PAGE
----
To detect real-time viral transcript levels, qPCR was performed. Briefly, pig corneas were washed with PBS before the epithelial cells were gently scraped off into TRIzol (Life Technologies) using a sterile surgical scalpel. For the HCE cells, the cells were washed with PBS before TRIzol was added. RNA extraction was followed according to the TRIzol protocol, and cDNA was made using the protocol and conditions from the High Capacity cDNA Reverse Transcription kit (Applied Biosystems, Foster City, CA). Using primers for the cytokines interleukin-6 (IL-6), interleukin-8 (IL-8), tumor necrosis factor-alpha (TNF-α), interferon-alpha (IFN-α), and interferon-beta (IFN-β), a qPCR was performed as per the Fast SYBR Green protocol (Applied Biosystems). The qPCR conditions were as follows: Enzyme Activation: 95 °C, 20 s (cycles - hold), Denature: 95 °C, 1 s (40 cycles) and Anneal: 60 °C, 20 s (40 cycles).


To assess the viral infectivity of the HSV-1 strain on HCE cells and corneal epithelial tissue, samples were prepared for western blot analysis. At the indicated times post infection, epithelial cells from pig corneas were gently scraped into radioimmunoprecipitation buffer (RIPA, Sigma Aldrich) containing a protease-phosphatase inhibitor cocktail (Halt, Thermo Fisher, Waltham, MA) using a sterile surgical scalpel, incubated on ice for 30 min, and centrifuged at 16,000 ×g for 15 min at 4 °C to pellet out any cell debris. The supernatants were denatured and electrophoresed on a 4–12% Bis-Tris NuPAGE Gel (Thermo Fisher). Using a dry blotting system (iBlot, Life Technologies), proteins from the gel were transferred onto a polyvinylidene difluoride (PVDF) membrane. The membrane was blocked for 60 min in 5% non-fat milk in Tris buffered saline containing 0.1% Tween-20 (TBS-T) followed by overnight incubation with primary antibodies against HSV-1 gD and gB (Abcam, Cambridge, MA) and GAPDH (Santa Cruz Biotechnology, Santa Cruz, CA) at 4 °C. The following day, the membranes were washed with TBS-T before they were incubated with horseradish peroxidase conjugated secondary antibodies for 60 min at room temperature. The membrane was developed by the addition of Femto-Sensitivity ECL substrate (Thermo Fisher). Chemiluminescence was detected and imaged on ImageQuant LAS4000 (GE Life Sciences, Pittsburg, PA). The HCE cells from the dishes were washed with PBS, scraped using cell scrapers (Thermo Fisher), pelleted by centrifugation, and resuspended in RIPA buffer containing protease-phosphatase inhibitor cocktail. Proteins from these samples were detected as mentioned above.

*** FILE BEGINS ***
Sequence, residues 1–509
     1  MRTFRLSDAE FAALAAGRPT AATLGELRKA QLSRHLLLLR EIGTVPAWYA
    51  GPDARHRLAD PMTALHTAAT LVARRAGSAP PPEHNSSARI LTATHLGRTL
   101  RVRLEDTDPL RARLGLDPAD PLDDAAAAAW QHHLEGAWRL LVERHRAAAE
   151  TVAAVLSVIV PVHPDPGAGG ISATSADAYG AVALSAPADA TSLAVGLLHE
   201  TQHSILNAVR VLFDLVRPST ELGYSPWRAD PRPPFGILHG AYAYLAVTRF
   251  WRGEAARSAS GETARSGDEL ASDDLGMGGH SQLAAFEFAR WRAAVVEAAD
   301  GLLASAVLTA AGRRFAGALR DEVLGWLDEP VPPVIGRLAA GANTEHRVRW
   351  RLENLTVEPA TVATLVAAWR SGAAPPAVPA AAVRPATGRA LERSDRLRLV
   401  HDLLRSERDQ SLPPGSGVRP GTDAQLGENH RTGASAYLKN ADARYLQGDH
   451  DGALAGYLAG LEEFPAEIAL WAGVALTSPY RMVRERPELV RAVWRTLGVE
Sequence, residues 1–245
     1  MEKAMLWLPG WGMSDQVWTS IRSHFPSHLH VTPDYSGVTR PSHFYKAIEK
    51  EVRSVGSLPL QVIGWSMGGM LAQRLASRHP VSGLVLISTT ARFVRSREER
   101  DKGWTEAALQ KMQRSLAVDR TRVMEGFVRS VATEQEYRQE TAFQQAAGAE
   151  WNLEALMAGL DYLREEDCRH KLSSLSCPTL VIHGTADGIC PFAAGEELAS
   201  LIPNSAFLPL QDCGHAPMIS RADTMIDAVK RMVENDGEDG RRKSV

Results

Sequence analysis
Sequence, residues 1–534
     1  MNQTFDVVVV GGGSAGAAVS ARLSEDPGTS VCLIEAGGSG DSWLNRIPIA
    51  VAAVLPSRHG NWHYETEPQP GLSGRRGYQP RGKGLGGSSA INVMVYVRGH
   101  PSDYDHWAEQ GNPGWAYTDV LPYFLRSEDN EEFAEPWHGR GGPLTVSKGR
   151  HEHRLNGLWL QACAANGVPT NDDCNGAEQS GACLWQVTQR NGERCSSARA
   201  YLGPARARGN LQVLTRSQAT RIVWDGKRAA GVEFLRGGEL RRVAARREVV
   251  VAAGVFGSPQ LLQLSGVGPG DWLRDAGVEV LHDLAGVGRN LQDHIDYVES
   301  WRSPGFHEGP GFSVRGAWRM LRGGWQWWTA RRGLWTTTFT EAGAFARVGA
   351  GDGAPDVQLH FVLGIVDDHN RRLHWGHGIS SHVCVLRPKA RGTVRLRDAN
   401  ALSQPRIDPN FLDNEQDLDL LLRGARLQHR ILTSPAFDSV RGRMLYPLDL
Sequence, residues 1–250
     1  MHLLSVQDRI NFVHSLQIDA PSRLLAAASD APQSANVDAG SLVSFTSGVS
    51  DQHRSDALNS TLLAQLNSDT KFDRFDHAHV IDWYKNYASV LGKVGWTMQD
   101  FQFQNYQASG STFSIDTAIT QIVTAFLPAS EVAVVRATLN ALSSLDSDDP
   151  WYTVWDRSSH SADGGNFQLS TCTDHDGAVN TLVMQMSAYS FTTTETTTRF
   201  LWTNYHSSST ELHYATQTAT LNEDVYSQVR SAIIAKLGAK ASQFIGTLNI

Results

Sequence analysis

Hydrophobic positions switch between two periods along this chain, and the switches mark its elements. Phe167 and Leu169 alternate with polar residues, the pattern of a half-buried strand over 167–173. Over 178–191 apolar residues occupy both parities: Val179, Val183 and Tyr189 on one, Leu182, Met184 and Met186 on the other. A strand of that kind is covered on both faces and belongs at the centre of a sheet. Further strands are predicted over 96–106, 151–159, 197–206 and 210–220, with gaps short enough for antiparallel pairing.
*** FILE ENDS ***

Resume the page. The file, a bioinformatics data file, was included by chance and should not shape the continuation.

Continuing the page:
Statistical analysis

All corneal culture experiments were performed in triplicates to confirm consistency of results. The Student T-test statistical analysis was conducted via the use of GraphPad Prism software (La Jolla, CA). A p value of less than 0.05 was considered statistically significant between the control and treatment groups.


HSV-1(KOS)tk12 infection of human corneal epithelial cells

To test the effectiveness of the HSV-1(KOS)tk12 strain (pfu 106) to infect cells of the corneal epithelia, human corneal epithelial cells were used [20]. Viral entry was verified via the presence of blue coloring in the cells due to activation of the X-gal substrate by β-galactosidase, 24 hpi. Confirmation of infection via β-galactosidase has the benefit of staining only cells that are actively producing the reporter enzyme expressed via the incoming viral genome (i.e., β-galactosidase) or in other words, productively infected by HSV-1. This decreases false positives seen with other reporter virus assays, such as those that use fluorescent viruses that may not well distinguish between membranes bound and entered viruses. As shown in Figure 1A (blue cells, right panel), nearly 100% of the HCE cells were infected by the recombinant virus.

Next, to confirm the productive infection of the HCE cells by the recombinant virus, we probed for HSV glycoproteins gB and gD, which are HSV late gene products. As shown in Figure 1B, gB and gD were not present in the uninfected HCE wells, whereas statistically significant quantities of gB and gD were seen in the wells infected with the virus, indicating that the recombinant virus causes a productive infection in HCE cells. Quantification of the protein was performed via western blot analysis, and the results were normalized against corresponding GAPDH bands (Figure 1C). These results demonstrate that more gD than gB was produced by the infected HCE cells. Taken together, the results from the β-galactosidase assay and the presence of quantifiable amounts of viral glycoproteins (gB, gD) confirm that HSV-1(KOS)tk12 is effective in entering and proliferating in HCE cells.